• Hardwood Lookout Trail - Accessed at kilometer 13.8 on Highway # 60 this trail is very short at 0.8 kilometres. You walk through a typical Algonquin hardwood forest until you reach Smoke Lake and some really nice views.

  • Track & Tower Trail - Accessed at kilometer 25 on Highway #60 this 7.7 kilometre trail is rated as fairly difficulty to traverse. Hikers are rewarded with a magnificent lookout over Cache Lake. There is also an optional 5.5 kilometre side trail that follows an abandoned railway track until it reaches Mew Lake.

  • Peck Lake Trail - Accessed at kilometer 19.2 along highway #60 this short, easy to do 1.9 kilometre trail follows the shoreline of Peck lake around its circumference.

  • Algonquin Logging Museum Trail - Accessed at kilometer 54.5 on Highway #60 this easy to walk 1.3 kilometre trail that is also wheelchair accessible gives insight into the logging industry in Algonquin Park as you walk by a reconstructed logging camp with its tools and machinery and arrive at the Algonquin Logging Museum.

  • Bat Lake Trail - Accessed at kilometer 30 on Highway #60 this easy to moderately difficult trail is 5.5 kilometres long and passes through hardwood and coniferous forests as well as a hemlock stand before arriving at a lookout over acidic Bat Lake.

  • Two Rivers Trail - Accessed at kilometer 31 on Highway #60 this easy to do 2 kilometre trail ascends a pine clad cliff and gives good insight into the forests of Algonquin Provincial Park.

  • Booth’s Rock Trail - Accessed 8 kilometres south of kilometer 40.3 on Highway #60 this moderate in difficulty trail is 5.1 kilometres long and passes by two lakes and a breathtaking lookout while returning via an abandoned railway track.

  • Beaver Pond Trail - Accessed at kilometer 45.2 on Highway #60 this east to do trail is only 2 kilometres long but takes you past two beaver ponds with their accompanying dams and lodges.

  • Berm Lake Trail - Accessed at Achray Campground on the east side of Algonquin Park the easy to traverse 4.5 kilometre trail leads you through some of the pine forests for which Algonquin Park is famous for. This trail takes you completely around little Berm Lake.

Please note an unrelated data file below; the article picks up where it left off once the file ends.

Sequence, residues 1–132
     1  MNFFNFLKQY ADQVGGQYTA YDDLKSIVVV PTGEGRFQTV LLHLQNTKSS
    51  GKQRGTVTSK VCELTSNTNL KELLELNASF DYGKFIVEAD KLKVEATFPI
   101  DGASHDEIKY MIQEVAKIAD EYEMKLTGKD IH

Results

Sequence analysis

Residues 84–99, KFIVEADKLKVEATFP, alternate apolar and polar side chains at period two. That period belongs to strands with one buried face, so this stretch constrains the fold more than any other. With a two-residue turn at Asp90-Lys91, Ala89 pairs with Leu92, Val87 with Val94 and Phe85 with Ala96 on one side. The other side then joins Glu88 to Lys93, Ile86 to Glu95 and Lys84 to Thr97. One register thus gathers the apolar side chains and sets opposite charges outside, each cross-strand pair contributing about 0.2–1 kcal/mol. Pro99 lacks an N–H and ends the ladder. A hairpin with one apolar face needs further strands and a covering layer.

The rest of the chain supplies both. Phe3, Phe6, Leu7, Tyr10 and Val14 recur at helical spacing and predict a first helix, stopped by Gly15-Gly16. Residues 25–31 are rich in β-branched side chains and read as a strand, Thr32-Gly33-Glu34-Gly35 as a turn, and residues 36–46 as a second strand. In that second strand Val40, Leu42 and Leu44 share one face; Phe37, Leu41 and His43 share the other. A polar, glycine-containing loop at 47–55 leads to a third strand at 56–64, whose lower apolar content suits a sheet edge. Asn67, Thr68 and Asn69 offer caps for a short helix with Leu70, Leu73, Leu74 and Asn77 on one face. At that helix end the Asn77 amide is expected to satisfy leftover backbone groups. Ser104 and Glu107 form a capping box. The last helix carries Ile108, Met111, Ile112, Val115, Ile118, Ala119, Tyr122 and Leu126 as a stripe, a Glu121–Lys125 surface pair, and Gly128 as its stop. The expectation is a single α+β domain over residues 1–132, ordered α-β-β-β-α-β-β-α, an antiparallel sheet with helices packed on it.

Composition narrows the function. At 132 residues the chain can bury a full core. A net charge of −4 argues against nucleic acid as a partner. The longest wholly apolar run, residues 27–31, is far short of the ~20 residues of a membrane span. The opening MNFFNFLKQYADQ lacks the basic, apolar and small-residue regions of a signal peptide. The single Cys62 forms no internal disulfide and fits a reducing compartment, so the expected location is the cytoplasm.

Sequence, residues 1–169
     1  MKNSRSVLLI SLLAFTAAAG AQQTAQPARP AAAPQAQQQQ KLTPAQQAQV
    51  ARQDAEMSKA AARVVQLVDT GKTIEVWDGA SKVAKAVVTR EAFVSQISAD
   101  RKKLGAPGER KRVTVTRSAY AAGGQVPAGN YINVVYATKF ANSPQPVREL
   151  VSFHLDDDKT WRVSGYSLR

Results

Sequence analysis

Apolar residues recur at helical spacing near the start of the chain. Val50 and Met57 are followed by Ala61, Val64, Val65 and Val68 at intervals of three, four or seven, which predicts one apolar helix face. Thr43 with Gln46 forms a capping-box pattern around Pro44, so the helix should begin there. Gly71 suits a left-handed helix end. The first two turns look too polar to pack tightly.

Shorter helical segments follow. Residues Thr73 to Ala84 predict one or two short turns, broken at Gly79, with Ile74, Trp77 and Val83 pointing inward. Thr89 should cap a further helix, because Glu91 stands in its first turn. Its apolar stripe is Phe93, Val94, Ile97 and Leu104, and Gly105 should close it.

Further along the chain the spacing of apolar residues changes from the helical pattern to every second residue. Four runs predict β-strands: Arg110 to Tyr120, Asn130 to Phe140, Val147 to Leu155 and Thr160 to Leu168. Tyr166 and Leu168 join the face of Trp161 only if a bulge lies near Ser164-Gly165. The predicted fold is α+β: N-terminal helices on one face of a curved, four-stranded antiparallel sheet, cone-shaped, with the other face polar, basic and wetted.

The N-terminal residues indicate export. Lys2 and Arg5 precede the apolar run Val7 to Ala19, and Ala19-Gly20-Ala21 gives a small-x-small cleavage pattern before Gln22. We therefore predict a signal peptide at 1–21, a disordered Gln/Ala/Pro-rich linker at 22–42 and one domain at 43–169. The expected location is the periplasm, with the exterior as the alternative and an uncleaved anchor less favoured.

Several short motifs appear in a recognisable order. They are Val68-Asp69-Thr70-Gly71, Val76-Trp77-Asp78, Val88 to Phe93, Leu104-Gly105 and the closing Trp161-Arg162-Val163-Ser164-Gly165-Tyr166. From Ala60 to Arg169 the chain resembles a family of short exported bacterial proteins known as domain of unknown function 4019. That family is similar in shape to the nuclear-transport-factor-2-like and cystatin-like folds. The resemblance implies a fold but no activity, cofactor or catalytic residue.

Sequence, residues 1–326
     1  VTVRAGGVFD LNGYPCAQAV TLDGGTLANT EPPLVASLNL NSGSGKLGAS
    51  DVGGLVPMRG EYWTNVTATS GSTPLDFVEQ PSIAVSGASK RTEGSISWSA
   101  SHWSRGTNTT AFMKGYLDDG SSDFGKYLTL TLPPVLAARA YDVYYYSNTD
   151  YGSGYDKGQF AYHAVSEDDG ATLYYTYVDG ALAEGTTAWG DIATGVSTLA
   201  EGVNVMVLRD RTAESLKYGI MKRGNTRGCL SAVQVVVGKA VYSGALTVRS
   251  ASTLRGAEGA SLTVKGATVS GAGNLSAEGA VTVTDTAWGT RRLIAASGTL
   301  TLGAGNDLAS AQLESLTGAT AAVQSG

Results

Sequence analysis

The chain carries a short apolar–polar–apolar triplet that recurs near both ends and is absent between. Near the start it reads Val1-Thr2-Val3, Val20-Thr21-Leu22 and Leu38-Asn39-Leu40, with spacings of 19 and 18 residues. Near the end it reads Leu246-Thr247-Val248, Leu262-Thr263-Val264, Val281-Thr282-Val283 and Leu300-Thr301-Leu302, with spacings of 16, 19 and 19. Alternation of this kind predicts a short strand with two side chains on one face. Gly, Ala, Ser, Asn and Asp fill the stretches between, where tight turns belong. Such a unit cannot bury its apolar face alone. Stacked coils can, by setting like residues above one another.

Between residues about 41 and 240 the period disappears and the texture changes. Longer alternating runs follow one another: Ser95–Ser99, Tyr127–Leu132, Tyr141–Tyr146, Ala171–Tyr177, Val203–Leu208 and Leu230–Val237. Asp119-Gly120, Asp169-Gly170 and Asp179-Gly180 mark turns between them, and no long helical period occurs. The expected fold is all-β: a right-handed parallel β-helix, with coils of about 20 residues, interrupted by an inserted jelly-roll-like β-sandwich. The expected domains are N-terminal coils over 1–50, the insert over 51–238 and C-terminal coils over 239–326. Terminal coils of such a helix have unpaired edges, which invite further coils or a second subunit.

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For the more serious minded Algonquin Park provides three backpacking trails totaling 140 km with the longest being up to 88 km long.

  • Western Uplands Backpacking Trail - Western Uplands Backpacking Trail This trail is open year round and is accessed at kilometre 3 on Highway #60 or at Rain Lake access point 35 kilometres east of Highway #11 at the village of Emsdale. This trail is for intermediate to expert backpackers and can either be 32 or 88 kilometres long depending on the access point. The trail gets more challenging as it becomes more overgrown the deeper one goes. The trail is also prone to flooding from late April until early May.

  • Highlands Backpacking Trail - The trail is open year round and is accessed at kilometer 29.7 on highway #60. This trail has two loops one 19 and the other 35 kilometres long. There is some uphill climbing so the trail I rated at the intermediate level. A very scenic route you pass by a number of lakes and some great lookout points.